Have you ever been frustrated when trying to share web content from your website on Facebook, only to find that Facebook won’t show the right image with that content? There are reasons for this – some of which you can fix.
The magic phrase to be aware of here is “open graph”. The Open Graph Protocol is a method of tagging web pages so that social networks can understand their key components. Facebook, Google Plus and other networks need to be able to pull content from a page when someone tries to share that page. The Open Graph Protocol calls for a series of meta tags that make this easy.
A simple example would be the meta title of a web page, where the Open Graph property would look like this in the source of the page: <meta property=”og:title” content=”Title of your web page or article” />. This tag will be used by Facebook or Google Plus when someone tries to share the page. The image below is an example of the sharing process.
If your web pages don’t use Open Graph meta tags, there’s not much to worry about, because Facebook et al are pretty good at using the default meta tags for title and description. This becomes a problem, however, when it comes to the image.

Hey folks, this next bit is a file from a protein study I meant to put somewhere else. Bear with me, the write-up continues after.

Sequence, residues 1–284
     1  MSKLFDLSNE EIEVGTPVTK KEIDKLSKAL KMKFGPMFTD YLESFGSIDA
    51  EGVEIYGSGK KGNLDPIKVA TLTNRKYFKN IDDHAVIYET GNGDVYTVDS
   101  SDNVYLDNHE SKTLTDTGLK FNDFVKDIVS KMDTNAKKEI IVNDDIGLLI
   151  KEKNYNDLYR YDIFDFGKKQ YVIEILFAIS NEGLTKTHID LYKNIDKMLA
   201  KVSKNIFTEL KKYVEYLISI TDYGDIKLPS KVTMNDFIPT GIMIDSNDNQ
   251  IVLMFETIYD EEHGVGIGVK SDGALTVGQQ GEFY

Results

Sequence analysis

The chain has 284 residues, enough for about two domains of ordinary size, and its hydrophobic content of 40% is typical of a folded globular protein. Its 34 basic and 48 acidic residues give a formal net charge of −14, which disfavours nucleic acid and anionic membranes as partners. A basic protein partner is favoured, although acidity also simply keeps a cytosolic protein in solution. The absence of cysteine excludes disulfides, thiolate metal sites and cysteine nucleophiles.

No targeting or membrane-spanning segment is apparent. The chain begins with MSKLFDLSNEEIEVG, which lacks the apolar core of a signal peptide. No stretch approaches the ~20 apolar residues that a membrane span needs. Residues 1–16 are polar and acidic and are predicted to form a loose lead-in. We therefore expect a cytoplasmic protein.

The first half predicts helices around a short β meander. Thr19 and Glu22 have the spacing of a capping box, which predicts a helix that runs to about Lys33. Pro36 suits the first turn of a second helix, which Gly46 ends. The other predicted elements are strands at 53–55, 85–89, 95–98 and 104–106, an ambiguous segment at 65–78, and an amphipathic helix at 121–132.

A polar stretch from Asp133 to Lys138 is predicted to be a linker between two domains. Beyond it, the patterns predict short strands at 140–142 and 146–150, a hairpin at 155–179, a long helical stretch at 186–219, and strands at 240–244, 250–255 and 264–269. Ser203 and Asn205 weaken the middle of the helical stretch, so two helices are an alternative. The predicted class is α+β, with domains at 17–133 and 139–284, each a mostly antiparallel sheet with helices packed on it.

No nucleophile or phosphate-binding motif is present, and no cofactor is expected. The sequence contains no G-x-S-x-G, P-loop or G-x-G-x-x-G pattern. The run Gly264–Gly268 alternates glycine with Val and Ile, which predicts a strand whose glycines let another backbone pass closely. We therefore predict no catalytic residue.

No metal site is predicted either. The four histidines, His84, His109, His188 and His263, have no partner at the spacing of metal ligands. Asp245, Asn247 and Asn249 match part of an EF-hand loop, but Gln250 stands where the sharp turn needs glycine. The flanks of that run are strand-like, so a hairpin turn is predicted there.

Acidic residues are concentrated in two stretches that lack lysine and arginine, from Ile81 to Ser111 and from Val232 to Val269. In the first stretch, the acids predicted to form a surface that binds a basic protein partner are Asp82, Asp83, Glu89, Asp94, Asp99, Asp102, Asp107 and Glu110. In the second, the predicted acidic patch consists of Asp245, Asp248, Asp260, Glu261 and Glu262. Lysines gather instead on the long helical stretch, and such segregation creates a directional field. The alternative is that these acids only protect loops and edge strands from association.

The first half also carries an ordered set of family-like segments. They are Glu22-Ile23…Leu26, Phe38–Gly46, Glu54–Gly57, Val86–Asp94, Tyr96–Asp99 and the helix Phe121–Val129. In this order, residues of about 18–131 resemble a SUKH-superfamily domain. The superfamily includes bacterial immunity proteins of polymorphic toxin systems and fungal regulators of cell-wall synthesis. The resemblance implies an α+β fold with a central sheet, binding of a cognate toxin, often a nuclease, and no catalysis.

Optimising the image for social sharing
Facebook likes to see an “og:image” tag in the source, attached to the image that you decide is the most important on the page. This tag would look like this: <meta property=”og:image” content=”http://address-of-image.jpg” />
Without that, Facebook will look through the available images in your page and show any it decides are suitable. The one it chooses as the default may be the one you don’t want to appear (like your navigation images) rather than the first image in an article.
Look for Open Graph plugins
The problem here is that it isn’t practical to manually create an “og:image” tag in your pages for every article you write. You need a way of doing it automatically, or not at all. As a worst case scenario, you could use a default image, such as your logo, but that’s not conducive to making content shareable by others once they see it on Facebook.
If you use WordPress to run your website, look for an Open Graph plugin. The Joomla CMS also has plugins available, such as Easy Open Graph. Some content management systems have been proactively supporting Open Graph. Magento, for example, offers support for Facebook features such as the “Want” and “Own” buttons.
When it comes to the image, Facebook will only render it if the image is at least 200 pixels wide at least 200 pixels high. Make sure, if you are using the “og:image” tag on your site to point to the main image in your blog post, that the image is at least that size.
What if you ignore Open Graph altogether?
Most websites share pretty well on social sites, but you may see differences. For example, sharing something on Google Plus may not bring up the content you want (and Google Plus doesn’t let you edit the content before you share it), whereas Facebook (which does let you edit the title and description) may look fine. Or vice versa.
If you want to see what Facebook says about the quality of your content in relation to the Open Graph settings, test any web page in the Facebook debugging tool.